hank said...

> simple solar solutions

Yeah but

It's paywalled, but Google's brief snippet is a good source of keywords.

Light, melatonin and cancer: current results and future perspectives

C Bartsch, H Bartsch, E Peschke - Biological Rhythm Research, 2009 -
... leukemia (Conti et ... and for which a deficiency of melatonin secretion may ... and using street lamps with no or little blue light. ...

The LEDs and CFLs emit right across the band that suppresses melatonin.

Search a bit and think about what adding new sources of blue light may be going to do. Then invest in sleep pharma (sigh).

Anonymous said...

I think you first have to define "efficient", "economical" and "elegant".

In China, bicycles as a means of transport might be considered all three.

In America, maybe only one of the above: economical. And even that is debatable, if one works 50 miles away from where one lives.

The take home lesson (if there is one) is that the solution is not going to be the same for everyone. In other words, there are going to be lots of different solutions.

The one thing they will almost certainly have in common, however, is end-use energy efficiency: performing whatever it is one wants to do without needlessly wasting a lot of energy.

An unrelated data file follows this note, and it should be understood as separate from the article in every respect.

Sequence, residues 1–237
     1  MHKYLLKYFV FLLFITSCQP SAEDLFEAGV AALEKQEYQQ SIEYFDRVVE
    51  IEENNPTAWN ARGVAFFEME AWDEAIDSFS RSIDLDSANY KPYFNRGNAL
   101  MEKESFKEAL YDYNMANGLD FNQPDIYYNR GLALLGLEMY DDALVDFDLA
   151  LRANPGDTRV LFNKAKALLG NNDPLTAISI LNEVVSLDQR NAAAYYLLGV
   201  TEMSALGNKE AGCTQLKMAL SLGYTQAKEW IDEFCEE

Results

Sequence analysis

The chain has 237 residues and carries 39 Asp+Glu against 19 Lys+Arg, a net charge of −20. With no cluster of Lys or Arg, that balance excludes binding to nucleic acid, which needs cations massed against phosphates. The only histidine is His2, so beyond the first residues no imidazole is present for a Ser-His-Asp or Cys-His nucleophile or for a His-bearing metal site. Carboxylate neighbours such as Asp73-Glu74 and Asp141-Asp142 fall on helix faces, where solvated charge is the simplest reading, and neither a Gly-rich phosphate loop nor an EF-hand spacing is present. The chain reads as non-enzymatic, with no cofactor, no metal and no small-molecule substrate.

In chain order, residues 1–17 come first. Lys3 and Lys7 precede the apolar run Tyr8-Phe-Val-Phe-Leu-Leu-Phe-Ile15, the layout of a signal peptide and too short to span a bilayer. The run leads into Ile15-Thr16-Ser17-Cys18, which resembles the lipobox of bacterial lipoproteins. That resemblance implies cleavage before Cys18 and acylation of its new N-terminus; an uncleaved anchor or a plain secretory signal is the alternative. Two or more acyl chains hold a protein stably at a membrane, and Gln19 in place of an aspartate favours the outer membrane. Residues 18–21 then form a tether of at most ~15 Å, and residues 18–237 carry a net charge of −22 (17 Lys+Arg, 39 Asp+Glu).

Increased end use energy efficiency will enable solutions to the carbon emissions problem that would not be possible otherwise.

Quite frankly, I think that's the only way we are going to have any hope of keeping climate change in check.

If we simply keep using energy in our old wasteful ways, there's no way we are going to even make a dent in the problem.

Magnus Westerstrand said...

Well any way I pick efficient...

Anonymous said...

You get to eat the birds, unless the birds eat you.Not legally, unless the bird is an introduced species or a species covered by your state and game laws and in season and you've got a license and "windmill" is one of the approved harvesting tools :)